What is even more extraordinary is that all of the auction proceeds will benefit charity.

So many treasures in one room.

A swoon-worthy Monet

CLAUDE MONET_NYMPHEAS_previewClaude Monet (1840 1926)

Nymphéas en fleur

stamped with signature ‘Claude Monet’ (on the reverse) oil on canvas 63.3/8 x 71.1/8 in. (160.9 x 180.8 cm.) Painted circa 1914-1917 Estimate in the region of $50 million

Image: Courtesy of Christie’s





Edward Hopper is often known for scenes of gritty urban loneliness like Nighthawks,  Nightwindows, and Morning in the City. The Hopper painting in the Rockefeller collection could not be any more different. This uplifting, captivating view of Cape Ann,, coaxing the viewer on a stroll through northeastern Massachusetts, although it could just as easily be the moors of the Brontes. Despite their great wealth, the Rockefellers many homes- in Hudson Valley, the Upper East Side, Mount Desert Island, St. Bart’s,  and Columbia County have been described as neither ostentation nor imposing, but warm and inviting. Standing in front of this soothing Hopper, one can only imagine it hanging in one of their homes, creating an aura of tranquility.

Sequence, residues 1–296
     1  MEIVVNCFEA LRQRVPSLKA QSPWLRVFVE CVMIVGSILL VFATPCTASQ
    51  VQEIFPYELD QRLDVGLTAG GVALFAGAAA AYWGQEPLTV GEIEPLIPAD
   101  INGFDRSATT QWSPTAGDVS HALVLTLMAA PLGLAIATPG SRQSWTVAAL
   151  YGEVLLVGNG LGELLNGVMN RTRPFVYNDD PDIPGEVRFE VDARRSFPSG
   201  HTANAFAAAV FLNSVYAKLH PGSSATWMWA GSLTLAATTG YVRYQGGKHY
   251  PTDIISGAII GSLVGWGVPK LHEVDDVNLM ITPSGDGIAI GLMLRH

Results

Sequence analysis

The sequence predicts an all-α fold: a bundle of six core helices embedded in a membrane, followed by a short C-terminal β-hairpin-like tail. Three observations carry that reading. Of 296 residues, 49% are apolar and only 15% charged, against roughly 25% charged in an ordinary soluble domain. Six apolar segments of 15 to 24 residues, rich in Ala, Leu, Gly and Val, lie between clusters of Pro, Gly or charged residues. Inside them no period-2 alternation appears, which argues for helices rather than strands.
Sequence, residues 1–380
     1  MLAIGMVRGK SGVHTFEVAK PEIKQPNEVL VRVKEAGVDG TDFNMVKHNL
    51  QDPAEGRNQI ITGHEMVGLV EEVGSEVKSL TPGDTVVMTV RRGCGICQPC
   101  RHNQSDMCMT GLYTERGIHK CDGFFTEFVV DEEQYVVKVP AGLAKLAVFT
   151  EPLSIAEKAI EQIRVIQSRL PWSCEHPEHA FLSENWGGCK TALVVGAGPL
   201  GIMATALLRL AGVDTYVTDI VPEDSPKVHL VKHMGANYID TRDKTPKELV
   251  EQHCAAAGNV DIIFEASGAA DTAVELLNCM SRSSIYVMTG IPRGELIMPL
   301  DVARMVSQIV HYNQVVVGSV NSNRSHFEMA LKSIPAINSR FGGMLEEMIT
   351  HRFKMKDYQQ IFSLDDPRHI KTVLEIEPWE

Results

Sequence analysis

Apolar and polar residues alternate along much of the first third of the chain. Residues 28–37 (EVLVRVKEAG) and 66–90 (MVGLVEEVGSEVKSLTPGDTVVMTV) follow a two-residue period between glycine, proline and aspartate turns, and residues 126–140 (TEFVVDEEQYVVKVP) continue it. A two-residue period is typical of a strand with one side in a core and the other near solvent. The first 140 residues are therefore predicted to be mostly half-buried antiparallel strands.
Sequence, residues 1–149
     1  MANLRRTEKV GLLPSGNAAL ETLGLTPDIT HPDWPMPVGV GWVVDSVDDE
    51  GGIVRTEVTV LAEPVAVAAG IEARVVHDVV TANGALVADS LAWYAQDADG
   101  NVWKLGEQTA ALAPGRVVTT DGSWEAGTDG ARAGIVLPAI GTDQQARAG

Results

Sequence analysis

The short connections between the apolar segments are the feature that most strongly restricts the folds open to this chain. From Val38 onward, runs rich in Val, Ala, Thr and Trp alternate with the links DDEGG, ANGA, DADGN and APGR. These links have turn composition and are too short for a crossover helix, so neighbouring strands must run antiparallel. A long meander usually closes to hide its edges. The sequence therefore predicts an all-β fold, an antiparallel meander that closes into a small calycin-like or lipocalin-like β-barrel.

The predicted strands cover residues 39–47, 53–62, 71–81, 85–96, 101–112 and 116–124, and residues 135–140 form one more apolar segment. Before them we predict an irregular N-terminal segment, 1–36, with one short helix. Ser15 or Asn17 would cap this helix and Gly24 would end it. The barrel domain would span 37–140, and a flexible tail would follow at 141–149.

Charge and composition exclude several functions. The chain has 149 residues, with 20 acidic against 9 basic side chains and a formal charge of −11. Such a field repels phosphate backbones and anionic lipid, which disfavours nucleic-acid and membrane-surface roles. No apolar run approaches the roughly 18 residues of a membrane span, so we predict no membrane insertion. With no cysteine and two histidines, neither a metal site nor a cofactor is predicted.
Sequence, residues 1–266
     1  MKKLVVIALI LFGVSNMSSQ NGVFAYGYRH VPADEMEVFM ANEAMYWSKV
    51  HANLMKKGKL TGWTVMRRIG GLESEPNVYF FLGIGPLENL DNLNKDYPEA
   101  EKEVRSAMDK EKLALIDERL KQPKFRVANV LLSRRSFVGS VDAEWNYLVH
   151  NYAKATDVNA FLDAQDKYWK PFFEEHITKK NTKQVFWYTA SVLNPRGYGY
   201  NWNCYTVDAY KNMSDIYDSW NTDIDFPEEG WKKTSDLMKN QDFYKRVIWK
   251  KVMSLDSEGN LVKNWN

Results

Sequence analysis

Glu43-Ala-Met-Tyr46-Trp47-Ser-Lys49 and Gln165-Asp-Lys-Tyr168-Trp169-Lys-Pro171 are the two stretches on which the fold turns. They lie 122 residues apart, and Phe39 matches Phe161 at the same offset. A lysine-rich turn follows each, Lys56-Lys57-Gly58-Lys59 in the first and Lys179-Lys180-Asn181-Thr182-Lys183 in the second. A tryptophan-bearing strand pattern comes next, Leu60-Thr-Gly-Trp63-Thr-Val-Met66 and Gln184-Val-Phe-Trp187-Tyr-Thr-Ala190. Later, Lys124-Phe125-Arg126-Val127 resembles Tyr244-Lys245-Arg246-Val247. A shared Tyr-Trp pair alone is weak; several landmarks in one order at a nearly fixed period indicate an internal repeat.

Edward Hopper (1882-1967)

Cape Ann Granite signed ‘Edward Hopper’ (lower right)oil on canvas29 x 40 ¼ in. (71.1 x 102.2 cm.)Painted in 1928.Estimate $6,000,000 -8,000,000

Image: Courtesy of Christie’s 



Pablo Picasso